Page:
We all want to work more fruit and vegetables into our diet, but achieving this can be difficult.
Life is busy, time is short, and it’s often tempting to favor convenience over nutrition!
To help get you on the right track, we’ve put together some easy tips that will help you increase your intake of both these vital food types.
#1 Start the day right
Can’t quite stomach the idea of eating a whole piece of fruit first thing in the morning? Work a little something extra into your usual breakfast routine instead.
Dried or fresh fruit is easy to add to your cereal, giving you an extra shot of vitamins alongside your usual meal.
This doesn’t just get a portion ticked off the list quickly. It’’ll also help set up a good habit for eating more fruit throughout the day.
#2 Try healthy snacking
If you need something to keep you topped up throughout the working day, a classic combo is hummus combined with carrot or cucumber sticks.
Dried fruit is readily available too, although some people find these a little bit chewy and quite hard work.
If that’s the case for you, try the kind of dried fruit crisps that are readily available at supermarkets these days.
#3 Become a soup supremo
There’s no easier way of increasing your vegetable intake then by brushing up on your soup-making skills.
Not only that, if you make a big batch at the weekend you’ll set yourself up with a healthy and convenient lunch for the rest of the working week.
There are countless recipes available online. Food Network has a fantastic selection that focus on healthy vegetable soups.
This approach is great if you’re not a fan of the texture of vegetables. By the time you’ve blended and combined everything, you’ll have a tasty meal that’s packed full of goodness.
If you haven’t got the time to make your own soup, there are plenty of pre-prepared options on the store shelves.
Check the salt content carefully first though, as these often contain a high amount.
#4 Embrace convenience
Fresh, organic fruit and vegetables will usually provide the best flavor experience. That said, the more convenient alternatives are perfectly fine.
Frozen or canned vegetables still contain high nutritional content. They also provide a more convenient way of getting more of both foods inside you.
It’s all about the preparation here. This stuff lasts for ages, so start building up a reserve of the staples in your cupboard and freezer. That way you’ve always got plenty of them on hand.
#5 Explore vegetarian alternatives
I’ve slowly worked more vegetarian options into my family’s diet over the last few years.
It’s an obvious starting point if you want to both reduce your meat consumption, and improve your overall nutrition at the same time.
Pushed for time? Rest assured that pre-prepared vegetarian food has come a long way since its emergence in the early 80s.
Tasty, healthier vegetarian sausages and burgers are all easy to buy these days. Don’t knock them until you’ve tried them!
#6 Make potatoes count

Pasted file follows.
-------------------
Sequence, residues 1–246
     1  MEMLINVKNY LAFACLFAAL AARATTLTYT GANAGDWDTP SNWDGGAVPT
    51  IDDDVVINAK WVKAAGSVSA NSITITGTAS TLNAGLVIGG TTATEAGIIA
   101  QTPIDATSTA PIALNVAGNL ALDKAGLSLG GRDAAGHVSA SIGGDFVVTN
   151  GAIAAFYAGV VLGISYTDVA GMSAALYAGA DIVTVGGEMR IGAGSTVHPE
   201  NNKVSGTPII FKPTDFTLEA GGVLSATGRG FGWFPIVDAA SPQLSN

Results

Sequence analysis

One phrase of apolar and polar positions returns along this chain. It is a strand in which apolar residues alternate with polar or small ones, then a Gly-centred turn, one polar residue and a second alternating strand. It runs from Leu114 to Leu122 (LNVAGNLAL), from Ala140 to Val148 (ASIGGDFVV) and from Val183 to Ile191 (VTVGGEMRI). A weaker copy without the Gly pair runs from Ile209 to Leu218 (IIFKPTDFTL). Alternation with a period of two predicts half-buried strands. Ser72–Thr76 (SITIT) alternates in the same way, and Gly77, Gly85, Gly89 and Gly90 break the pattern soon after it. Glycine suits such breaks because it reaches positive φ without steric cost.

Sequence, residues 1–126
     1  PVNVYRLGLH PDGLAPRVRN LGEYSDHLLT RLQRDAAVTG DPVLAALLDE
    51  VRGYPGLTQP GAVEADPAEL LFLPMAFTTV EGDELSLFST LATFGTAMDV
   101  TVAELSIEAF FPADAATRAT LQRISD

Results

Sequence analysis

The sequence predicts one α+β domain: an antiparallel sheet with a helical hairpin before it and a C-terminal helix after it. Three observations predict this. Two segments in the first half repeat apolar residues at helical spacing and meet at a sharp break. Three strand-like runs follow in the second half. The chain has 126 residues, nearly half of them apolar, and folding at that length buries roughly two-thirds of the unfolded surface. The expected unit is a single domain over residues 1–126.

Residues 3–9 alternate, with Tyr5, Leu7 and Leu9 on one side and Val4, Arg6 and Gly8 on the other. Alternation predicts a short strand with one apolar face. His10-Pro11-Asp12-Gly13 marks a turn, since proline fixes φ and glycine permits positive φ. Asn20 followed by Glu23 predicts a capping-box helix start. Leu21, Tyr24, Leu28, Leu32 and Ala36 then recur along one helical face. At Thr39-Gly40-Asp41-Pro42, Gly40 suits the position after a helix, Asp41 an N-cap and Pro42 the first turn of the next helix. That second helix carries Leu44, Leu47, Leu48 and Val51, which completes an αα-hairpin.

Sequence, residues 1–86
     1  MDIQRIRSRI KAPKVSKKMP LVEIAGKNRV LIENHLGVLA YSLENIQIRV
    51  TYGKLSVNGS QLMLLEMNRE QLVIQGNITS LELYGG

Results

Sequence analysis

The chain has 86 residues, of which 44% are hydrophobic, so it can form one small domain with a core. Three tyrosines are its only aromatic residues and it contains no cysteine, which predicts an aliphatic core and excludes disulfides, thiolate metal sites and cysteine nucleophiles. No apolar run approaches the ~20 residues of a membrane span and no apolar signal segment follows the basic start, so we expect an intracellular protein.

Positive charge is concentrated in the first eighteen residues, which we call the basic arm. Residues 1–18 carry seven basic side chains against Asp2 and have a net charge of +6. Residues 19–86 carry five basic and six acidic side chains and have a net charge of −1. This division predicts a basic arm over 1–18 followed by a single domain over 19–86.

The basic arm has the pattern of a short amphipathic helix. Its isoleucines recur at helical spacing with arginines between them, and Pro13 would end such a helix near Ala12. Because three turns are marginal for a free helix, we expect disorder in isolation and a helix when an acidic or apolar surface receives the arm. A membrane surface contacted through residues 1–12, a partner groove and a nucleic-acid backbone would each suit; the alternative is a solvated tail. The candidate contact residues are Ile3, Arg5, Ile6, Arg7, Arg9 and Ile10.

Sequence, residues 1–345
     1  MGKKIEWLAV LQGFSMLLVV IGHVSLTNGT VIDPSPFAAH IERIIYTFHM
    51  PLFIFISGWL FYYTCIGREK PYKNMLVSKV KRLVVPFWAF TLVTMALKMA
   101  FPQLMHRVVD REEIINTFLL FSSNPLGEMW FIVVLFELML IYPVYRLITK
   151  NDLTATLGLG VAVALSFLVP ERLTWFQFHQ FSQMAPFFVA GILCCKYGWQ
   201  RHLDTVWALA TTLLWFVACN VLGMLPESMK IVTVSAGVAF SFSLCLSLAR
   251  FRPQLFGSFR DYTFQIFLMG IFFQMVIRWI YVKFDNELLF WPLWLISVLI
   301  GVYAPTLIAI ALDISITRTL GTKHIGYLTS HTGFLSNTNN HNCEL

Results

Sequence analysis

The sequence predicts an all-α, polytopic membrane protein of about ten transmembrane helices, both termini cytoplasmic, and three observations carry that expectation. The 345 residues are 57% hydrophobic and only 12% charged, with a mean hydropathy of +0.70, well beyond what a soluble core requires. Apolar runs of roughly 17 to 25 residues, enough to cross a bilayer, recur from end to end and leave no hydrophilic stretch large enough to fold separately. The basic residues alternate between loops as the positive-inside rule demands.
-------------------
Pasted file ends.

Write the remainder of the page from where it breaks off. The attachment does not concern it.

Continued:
Potatoes are everywhere in our national diet, but sadly they don’t count towards our vegetable portion goals.
That doesn’t mean you can’t liven them up with a few extra qualifying ingredients though.
For mash, consider adding valid vegetables like suede, parsnip or celeriac to the pan you cook the potatoes in.
Once mashed together you’ll have a tastier potato dish that also helps you reach your nutritional target.
If you’re making fries, try using alternative vegetables like parsnips or sweet potatoes. The latter do count towards your goals, so it’s well worth trying them out.
#7 Try a spiralizer
I had mixed results when the spiralizer craze kicked off a few years ago, but that’s mainly because I adore pasta!
There’s no denying they offer a convenient way of transforming the Italian staple into a much healthier alternative though.
Zucchini (or courgettes), sweet potato and carrots are common ingredients used in the process. There are plenty of other options to explore as well.
Once passed through the spiralizer, you’ll have a plate of noodle-like vegetables. You can use these as a pasta substitute, and dramatically increase your vegetable intake in the process.
#8 Sneak something into your sauce
If you’re making something like a bolognese, try finely chopping some carrot, red peppers or courgettes, and adding them into the sauce.
By the time it’s finished cooking with the meat, you’ll have a much tastier sauce and the extra veggies will barely be noticeable.
If you have kids, this is a particularly good way of increasing their vegetable intake.
#9 Juice and smoothies – but not too much
You might think an easy way to up your fruit intake is to glug your way through a carton of juice, but unfortunately it’s not as simple as that.
When fruit is crushed for the purpose of making juice or a smoothie, a huge amount of sugar is released in the process.
As you might imagine, this isn’t great for your teeth. Do this often enough and you’re just replacing one problem with another.
You can absolutely achieve one of your daily portions with a single drink of this type though. Just make sure you’re consuming no more than 150ml of freshly prepared or carton fruit drink each day.
BONUS TIP: If you’re buying carton juice or smoothies, go for ones that include the pulp. This is an extra source of fiber which is essential for a healthy diet.
(Check out our Juicing vs Blending guide for more information.)
#10 Eat the rainbow
The advice that we should “eat the rainbow” has become increasingly popular in recent years. The term comes from the correlation between produce colors and vitamin type.
The American Heart Association has a great infographic which lists the different common fruits and vegetables that fall under each color. Aim to eat something from each of these groups every day.
If you’re struggling to find flavors that you like, keep experimenting until you find a selection from each category you both enjoy and will provide you with a balanced intake.